Your Mother as Grandmother
March 1, 2016 · Posted in Parenting · Permalink

art-statue-child-mother
An excerpt from A Mother’s Circle.

With the birth of your baby there is a great shifting of the generations. Just as your transition to motherhood is a passage into a new life phase, so is your mother’s to grandmotherhood. After decades of being the mother, she must now move over, make room for you and rethink her self-concept.

She will also have to rethink her name. Your mother may choose a name to be called as a grandmother. But just as likely, your baby will one day invent the name that sticks. Part baby talk, part association, your mother’s official appellation may become MiMi, NaNa, GeeGee, Rummy, Nonna, Nonie, Nanny, Nanna, Grummy, Mumsie, Vavoa, Puggy, Grammy, Gramma Dot, or MaMa Ginny. Eventually you may call your own mother by her grandmother name.

Being a grandmother can be one of the most life-affirming and joyous periods in a woman’s life. But in this youth-obsessed culture, it can be a jarring reminder of aging. Your mother may already be having a hard time accepting that she is getting older. She may be in the throes of menopause. Or she may have mixed feelings about her landmark sixty-fifth birthday. She may simply not like the way “Grandma” sounds.

By the time she becomes a grandmother, a woman may feel no desire to undertake the nitty-gritty aspects of baby care again. She may feel liberated from those duties, or she may feel out of practice, unsure of herself. Many women report their mothers saying “I don’t have the patience anymore,” or “This is exhausting. I’ve forgotten how hard it is,” or “I like babies better when they’re older.”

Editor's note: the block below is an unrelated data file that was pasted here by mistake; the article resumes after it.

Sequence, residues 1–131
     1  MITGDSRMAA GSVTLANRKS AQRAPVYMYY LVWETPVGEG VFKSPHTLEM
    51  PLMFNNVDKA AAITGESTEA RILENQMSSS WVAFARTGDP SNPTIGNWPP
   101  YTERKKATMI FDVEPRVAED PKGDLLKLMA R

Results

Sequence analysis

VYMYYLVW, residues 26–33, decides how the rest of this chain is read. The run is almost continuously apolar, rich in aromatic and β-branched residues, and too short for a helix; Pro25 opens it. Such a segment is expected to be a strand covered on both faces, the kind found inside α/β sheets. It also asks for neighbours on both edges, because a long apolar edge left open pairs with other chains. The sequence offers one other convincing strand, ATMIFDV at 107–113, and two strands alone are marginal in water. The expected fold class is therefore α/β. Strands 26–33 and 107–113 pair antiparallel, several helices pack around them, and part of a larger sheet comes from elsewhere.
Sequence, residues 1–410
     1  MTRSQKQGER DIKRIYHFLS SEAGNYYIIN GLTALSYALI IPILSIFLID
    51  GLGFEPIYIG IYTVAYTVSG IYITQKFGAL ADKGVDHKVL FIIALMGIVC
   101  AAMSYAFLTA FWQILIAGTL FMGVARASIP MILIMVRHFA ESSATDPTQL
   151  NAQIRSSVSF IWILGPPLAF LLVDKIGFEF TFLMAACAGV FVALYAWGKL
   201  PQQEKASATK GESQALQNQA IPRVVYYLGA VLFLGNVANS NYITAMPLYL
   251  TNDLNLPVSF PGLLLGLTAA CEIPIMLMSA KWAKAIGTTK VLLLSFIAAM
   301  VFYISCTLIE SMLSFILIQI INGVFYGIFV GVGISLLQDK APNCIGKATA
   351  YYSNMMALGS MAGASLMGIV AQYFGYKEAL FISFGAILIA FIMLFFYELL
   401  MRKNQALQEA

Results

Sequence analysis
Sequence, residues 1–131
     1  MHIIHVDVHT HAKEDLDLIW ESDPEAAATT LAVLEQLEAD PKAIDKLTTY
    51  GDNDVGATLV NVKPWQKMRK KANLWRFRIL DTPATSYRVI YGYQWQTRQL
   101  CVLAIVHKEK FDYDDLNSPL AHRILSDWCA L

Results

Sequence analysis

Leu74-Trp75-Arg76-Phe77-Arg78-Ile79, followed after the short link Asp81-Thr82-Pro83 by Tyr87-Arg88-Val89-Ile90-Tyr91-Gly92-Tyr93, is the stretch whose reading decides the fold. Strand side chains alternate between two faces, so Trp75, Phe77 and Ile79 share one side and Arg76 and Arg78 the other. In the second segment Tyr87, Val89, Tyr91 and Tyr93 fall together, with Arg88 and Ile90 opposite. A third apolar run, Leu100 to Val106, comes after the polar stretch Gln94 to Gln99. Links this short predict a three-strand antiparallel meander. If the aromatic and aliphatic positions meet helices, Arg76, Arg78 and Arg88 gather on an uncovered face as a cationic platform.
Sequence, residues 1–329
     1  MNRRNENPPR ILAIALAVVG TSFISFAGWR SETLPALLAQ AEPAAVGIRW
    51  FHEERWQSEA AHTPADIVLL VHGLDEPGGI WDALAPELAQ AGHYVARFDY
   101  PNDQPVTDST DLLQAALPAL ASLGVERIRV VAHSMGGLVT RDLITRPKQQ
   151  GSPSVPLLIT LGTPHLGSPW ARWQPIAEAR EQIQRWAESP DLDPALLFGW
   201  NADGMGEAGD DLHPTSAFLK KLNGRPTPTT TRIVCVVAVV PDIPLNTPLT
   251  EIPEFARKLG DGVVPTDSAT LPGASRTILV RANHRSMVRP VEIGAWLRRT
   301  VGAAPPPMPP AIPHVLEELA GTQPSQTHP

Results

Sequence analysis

A grandchild can stir up the past for the new grandmother as she relives old joys and feels again old regrets. For some women a grandchild elicits strong feelings of well-being, a sense of rebirth, new energy and a fresh focus for their love and affections. Others experience a preoccupation with mortality, sadness and a longing for a time when they were young mothers themselves. No matter how they present themselves, almost all carry inside of them the full range of these emotions.

As a grandmother, a woman walks something of an emotional tightrope. The new mother wants her own mother to be supportive and helpful but not intrusive or domineering; older and wiser and never dependent or needy herself; doting on and loving toward the baby but respectful of the mother’s primary role and authority; happy to pass on family stories, recipes and traditions, but not overwhelming in the role of family matriarch. A grandmother is supposed to be filled with joy at the sight of her grandchild, ready to sacrifice. But, just as the perfect mother is an impossibly tall order to fill, so is that of the perfect grandmother.

If you are in your twenties of thirties, your baby may have come at a time when your mother needs to care for her own parents. Or, if you came to motherhood in your late thirties or forties, your mother may be becoming dependent or needy herself. If this is the case, two powerful life passages will overlap for you—the aging and eventual loss of your parents and your early parenting years.

If your mother lives close enough to be involved on a regular basis with you and your baby, there will be more opportunities for a tangible sense of sharing as your baby grows. There will also be more chances for you to lock horns. A baby can trigger a grandmother’s maternal instincts and she may be unable to take a backstage role.